Ruffles in coral pink, I couldn’t help myself. I found the polyester spandex blend at JoAnn Fabrics and knew it was the one. Which brings me to a couple a key notes on fabric choice for this top:
Drape. Lots of it. You don’t want to pick a fabric that’s got too much structure or you’re going to end up with wings instead of a lovely cascade of ruffles.
No single sided fabric. This is noted in the pattern instructions, but you want to make sure you pick a fabric that has no discernible right or wrong sides. The ruffles are going to show both sides. Like so:
Synthia has two length options and comes in cup sizes B, C, D, and DD (E). Mine is the longer length with a B cup bodice and graded from a size 3 at the bust to a 4 at the waist. It includes bust darts to help give it more fit and shape. You can wear it fitted or my loose like mine. The back has an invisible zipper which is easy to instal with the directions in the pattern.
Incidentally, just as I was about to start working on my Synthia top, I ran across this photo of the ever fashionable Kathryn Newton in my Instagram feed wearing a strikingly similar look:
It is decidedly Fall here in the Pacific Northwest, the best kind of Fall…October. So of course when I saw the Acacia Top from Sinclair Patterns I knew it had to be made in springy, bright, buttercup yellow, rayon challis.
I am nothing if not a giant ball of contradiction.
I am not great with woven fabrics and that’s probably not going to change anytime soon. They require a level of precision and patience that I don’t always posses. That said, the Acacia was so much fun and easy to put together, a great beginner pattern. Every piece came together nicely, even the facings, which I have an uncanny knack for messing up.
Sinclair Patterns is one of the few PDF pattern designers out there who puts out patterns that are truly unique. Not just styling, but technique as well. I feel like I learn something new ever time I try one of their patterns.
The day I got out to take pictures was one of those wonderful sunny, warm Fall days that we get here in the PNW that make you love October. After wearing this top out in the sun I knew this would probably be one of those tops that gets tucked away for the winter but will be so perfect when the sun returns to us next spring.
**I RECEIVED A FREE COPY OF THIS PATTERN AS PART OF THE TESTING PROCESS. ALL OPINIONS ARE MY OWN.**
As the summer is starting to wind down I finally have some time to sew and blog. I don’t know about you but it’s been a crazy summer here. Lots of making memories, not so much with the making clothes.
Totally worth it.
I’ve been wanting to stretch my seamstress skills lately and get out of my comfort zone. My specialty is working with knit fabric; it’s quick and it’s pretty forgiving of mistakes (read: laziness), but there also isn’t a ton of variety in technique. So when Designer Stitch recently put out a testing call for the new Kristen dress I jumped at the chance.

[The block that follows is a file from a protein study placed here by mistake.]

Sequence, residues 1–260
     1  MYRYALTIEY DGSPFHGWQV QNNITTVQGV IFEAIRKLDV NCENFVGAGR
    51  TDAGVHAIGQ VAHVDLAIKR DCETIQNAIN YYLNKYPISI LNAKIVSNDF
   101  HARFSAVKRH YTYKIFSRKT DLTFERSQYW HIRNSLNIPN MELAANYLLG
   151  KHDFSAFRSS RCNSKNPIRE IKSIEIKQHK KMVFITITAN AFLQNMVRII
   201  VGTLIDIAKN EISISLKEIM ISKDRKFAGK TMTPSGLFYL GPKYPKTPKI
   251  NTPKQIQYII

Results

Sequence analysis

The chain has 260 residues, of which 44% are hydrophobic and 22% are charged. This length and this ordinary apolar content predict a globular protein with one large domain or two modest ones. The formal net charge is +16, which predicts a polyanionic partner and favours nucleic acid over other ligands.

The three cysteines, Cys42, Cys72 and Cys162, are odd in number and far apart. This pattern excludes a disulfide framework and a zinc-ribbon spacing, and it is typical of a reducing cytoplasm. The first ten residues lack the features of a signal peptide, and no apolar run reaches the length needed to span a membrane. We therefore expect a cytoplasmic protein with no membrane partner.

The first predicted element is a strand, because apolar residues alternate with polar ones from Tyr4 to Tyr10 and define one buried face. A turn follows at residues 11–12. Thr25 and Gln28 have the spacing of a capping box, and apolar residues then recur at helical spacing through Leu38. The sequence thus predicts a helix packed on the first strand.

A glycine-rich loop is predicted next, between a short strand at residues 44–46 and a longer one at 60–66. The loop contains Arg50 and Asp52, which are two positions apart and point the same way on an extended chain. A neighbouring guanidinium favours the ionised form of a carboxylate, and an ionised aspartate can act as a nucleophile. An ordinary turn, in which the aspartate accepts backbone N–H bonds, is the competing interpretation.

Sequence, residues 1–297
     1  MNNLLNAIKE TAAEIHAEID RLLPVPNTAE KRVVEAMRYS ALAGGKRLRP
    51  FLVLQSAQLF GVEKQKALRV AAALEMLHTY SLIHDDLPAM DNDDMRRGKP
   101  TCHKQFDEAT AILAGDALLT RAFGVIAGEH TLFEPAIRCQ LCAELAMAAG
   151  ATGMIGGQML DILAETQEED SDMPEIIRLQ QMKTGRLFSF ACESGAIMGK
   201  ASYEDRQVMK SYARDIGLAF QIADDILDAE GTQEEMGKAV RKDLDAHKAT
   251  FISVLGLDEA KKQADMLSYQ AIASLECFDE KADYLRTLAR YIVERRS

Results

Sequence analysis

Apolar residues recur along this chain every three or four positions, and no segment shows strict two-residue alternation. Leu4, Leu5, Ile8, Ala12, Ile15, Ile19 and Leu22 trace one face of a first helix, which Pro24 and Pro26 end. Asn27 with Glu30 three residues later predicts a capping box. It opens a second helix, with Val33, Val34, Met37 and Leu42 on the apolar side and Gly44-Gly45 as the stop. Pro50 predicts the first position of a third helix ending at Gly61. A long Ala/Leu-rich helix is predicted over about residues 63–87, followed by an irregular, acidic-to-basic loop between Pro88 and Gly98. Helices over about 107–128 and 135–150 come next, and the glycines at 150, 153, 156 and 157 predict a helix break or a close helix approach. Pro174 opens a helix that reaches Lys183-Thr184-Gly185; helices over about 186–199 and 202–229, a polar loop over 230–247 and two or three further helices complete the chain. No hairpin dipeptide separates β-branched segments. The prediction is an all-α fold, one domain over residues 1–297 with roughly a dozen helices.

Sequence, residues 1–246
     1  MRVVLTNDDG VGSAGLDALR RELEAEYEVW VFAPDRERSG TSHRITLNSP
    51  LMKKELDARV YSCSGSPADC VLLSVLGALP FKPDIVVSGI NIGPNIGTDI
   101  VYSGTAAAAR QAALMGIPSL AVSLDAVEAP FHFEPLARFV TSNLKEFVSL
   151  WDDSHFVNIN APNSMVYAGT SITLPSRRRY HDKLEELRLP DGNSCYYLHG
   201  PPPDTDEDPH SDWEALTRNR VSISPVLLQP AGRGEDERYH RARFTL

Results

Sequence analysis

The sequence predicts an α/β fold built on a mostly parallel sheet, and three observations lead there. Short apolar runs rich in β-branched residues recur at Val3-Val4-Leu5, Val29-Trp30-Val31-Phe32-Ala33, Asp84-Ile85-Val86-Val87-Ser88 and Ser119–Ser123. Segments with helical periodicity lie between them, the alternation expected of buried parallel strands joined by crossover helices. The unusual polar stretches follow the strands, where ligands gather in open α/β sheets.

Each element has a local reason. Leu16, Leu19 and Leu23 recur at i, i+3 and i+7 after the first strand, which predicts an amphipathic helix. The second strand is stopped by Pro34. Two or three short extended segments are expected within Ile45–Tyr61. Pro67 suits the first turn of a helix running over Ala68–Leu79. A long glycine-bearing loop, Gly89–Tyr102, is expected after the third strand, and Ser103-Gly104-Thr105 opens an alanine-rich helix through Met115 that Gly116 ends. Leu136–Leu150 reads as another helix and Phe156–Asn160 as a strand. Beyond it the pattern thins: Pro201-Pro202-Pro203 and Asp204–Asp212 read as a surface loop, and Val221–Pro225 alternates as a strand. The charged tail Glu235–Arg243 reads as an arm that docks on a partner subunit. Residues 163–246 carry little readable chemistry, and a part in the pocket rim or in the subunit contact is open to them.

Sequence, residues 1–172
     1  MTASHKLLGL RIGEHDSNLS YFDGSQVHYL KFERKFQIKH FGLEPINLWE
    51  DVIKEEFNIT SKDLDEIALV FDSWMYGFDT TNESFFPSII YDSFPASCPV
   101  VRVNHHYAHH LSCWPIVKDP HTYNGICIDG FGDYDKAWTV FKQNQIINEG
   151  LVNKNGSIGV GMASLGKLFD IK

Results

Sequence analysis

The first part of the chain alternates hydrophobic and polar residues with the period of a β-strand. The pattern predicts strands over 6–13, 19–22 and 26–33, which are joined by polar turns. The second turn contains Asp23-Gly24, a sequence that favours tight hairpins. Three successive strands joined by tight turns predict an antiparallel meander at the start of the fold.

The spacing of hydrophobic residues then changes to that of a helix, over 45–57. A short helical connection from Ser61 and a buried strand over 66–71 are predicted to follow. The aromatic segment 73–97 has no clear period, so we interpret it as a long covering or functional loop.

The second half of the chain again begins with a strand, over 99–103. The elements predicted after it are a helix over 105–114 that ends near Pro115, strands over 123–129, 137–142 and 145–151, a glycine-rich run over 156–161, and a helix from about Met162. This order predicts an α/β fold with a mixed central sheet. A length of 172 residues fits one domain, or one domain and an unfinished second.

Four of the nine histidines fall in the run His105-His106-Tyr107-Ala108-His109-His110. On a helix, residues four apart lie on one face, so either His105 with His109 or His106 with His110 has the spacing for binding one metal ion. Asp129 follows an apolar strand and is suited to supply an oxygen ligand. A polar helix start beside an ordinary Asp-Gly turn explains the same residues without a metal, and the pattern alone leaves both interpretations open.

Kristen is a dress made with woven fabrics. It includes a back zipper, darts throughout the bodice, princess seams, ruffles, and a pleated skirt. It also includes an optional belt and bell sleeve that is so elegant.
We’re coming into fall here and when I saw this mustard yellow floral print on rayon challis I knew it would be perfect for Kristen.
I have a wide shallow bust which means that I have never had a store bought dress fit me properly. I loved having the opportunity to fit a dress to my figure exactly. The Kristen does require making a muslin (or two) in order to get that perfect fit, but the bodice pieces come together so quickly that it really wasn’t a big deal.
My Kristen is a 2 graded to a 4 at the waist with a couple small modifications to get that perfect fit.
If you want to tackle the Kristen I highly recommend joining the Designer Stitch Pattern Support Facebook group where you can get some great fitting advice from some awesome seamstresses.
This is a pattern I know I’ll be coming back to. In fact one of the other testers made one in a heavy weight fabric that I am dying to try.
It’s COLD here. Last week we had a foot of snow. Personally I’m over it, and dreaming of warmer days. In that spirit I made the View Ridge by Straight Stitch Designs.
This is such a sweet little top. The gathering in the bodice makes for a lovely floaty fit and the key-hole back gives it some interesting detail.
Mine is made with a gorgeous rayon challis from LDG Textiles. Challis is probably my favorite woven fabric to work with. It’s relatively easy to work with, and handles heat well so you can really go to town with your iron and get nice sharp pressed edges. My binding skills need a little work but I love the outcome nonetheless.
But you know what my favorite thing is about this top? It’s a great scrap buster. Because the shirt is composed of several small pieces I’m able to make one out of the larger (and smaller) scraps left from my other projects. In fact I have another one in the works made from some floral leftovers.
Now back to drinking tea and dreaming of warmer days…..sigh.